Targeting businesses with huge workloads, such as banks and retailers, in the increasingly inter-connected world, IBM has announced details of a microprocessor in a new version of the IBM mainframe computer.
Claimed to be the world’s fastest computer chip, it will begin shipping to customers on September 10.
The new zEnterprise technology, says IBM, is the result of an investment of more than $1.5 billion in IBM research and development in the zEnterprise line, as well as more than three years of collaboration with some of IBM’s top clients around the world.
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The z196 processor is a four-core chip that contains 1.4 billion transistors on a 512-square millimeter (mm) surface. The chip was designed by IBM engineers in Poughkeepsie, N.Y., and was manufactured using IBM’s 45 nanometer (nm) SOI processor technology in the company’s 300mm fab in East Fishkill, N.Y.
There were also major contributions to the z196 processor development from IBM labs in Austin, TX, Germany, Israel and India,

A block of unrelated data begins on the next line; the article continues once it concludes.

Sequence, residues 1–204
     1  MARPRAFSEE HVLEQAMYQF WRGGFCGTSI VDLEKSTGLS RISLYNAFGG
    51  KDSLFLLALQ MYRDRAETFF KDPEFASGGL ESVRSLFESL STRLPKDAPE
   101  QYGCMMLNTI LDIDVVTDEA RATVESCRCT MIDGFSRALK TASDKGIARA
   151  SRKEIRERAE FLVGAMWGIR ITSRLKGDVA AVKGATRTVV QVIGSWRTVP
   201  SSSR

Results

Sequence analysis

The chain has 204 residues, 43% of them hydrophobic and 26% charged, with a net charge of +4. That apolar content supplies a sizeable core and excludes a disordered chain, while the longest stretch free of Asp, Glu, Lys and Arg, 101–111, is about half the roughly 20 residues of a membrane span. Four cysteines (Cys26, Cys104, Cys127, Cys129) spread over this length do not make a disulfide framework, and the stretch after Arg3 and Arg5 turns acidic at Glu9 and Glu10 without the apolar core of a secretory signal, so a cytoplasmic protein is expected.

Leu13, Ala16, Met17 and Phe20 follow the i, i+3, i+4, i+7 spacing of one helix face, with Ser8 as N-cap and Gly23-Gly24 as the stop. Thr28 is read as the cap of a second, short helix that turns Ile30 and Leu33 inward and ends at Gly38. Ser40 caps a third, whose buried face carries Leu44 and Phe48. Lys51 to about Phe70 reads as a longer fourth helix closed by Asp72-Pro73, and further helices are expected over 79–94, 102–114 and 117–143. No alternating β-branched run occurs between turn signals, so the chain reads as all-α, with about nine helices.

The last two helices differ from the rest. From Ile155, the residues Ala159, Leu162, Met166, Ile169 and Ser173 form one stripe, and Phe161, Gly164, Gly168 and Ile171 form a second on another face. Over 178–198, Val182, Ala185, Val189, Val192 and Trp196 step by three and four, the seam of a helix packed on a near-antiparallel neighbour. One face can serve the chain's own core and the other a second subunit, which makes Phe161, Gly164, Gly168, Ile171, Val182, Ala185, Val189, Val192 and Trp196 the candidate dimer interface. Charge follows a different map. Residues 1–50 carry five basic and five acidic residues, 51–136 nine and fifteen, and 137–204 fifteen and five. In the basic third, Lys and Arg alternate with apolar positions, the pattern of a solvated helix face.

The mainframe processor makes use of IBM’s patented embedded DRAM (eDRAM) technology, which allows IBM to place dense DRAM caches, or components, on the same chips as high-speed microprocessors, resulting in improved performance.
From a performance standpoint, the zEnterprise System is the most powerful commercial IBM system ever, says the company. The core server in the zEnterprise System — called zEnterprise 196 — contains 96 of the world’s fastest, most powerful microprocessors, capable of executing more than 50 billion instructions per second, IBM claims.
That’s roughly 17,000 times more instructions than the Model 91, the high-end of IBM’s System/360 family, could execute in 1970.
This new IBM microprocessor technology has new software to optimize performance of data-heavy workloads, including up to a 60% improvement in data intensive and Java workloads.
Increased levels of system performance, in turn, increases software performance, which can reduce software license costs, explains IBM.
The new system offers 60% more capacity than its predecessor, the System z10, and uses about the same amount of electricity.
Energy efficiencies were achieved through advances in microprocessor design, 45nm silicon technology, more efficient power conversion and distribution, as well as advanced sensors and cooling control firmware that monitors and makes adjustments based on environmental factors such as temperature and humidity levels and even air density, according to the company.
The combination of zEnterprise chip speed, memory, system reliability, availability, security and storage architecture provide an optimal environment for managing the world’s most demanding workloads, IBM believes.
The announcement was made by IBM today, September 1.